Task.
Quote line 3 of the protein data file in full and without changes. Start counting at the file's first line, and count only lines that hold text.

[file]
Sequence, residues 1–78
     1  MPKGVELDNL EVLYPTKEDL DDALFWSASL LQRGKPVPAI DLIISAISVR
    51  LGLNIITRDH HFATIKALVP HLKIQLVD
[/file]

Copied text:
    51  LGLNIITRDH HFATIKALVP HLKIQLVD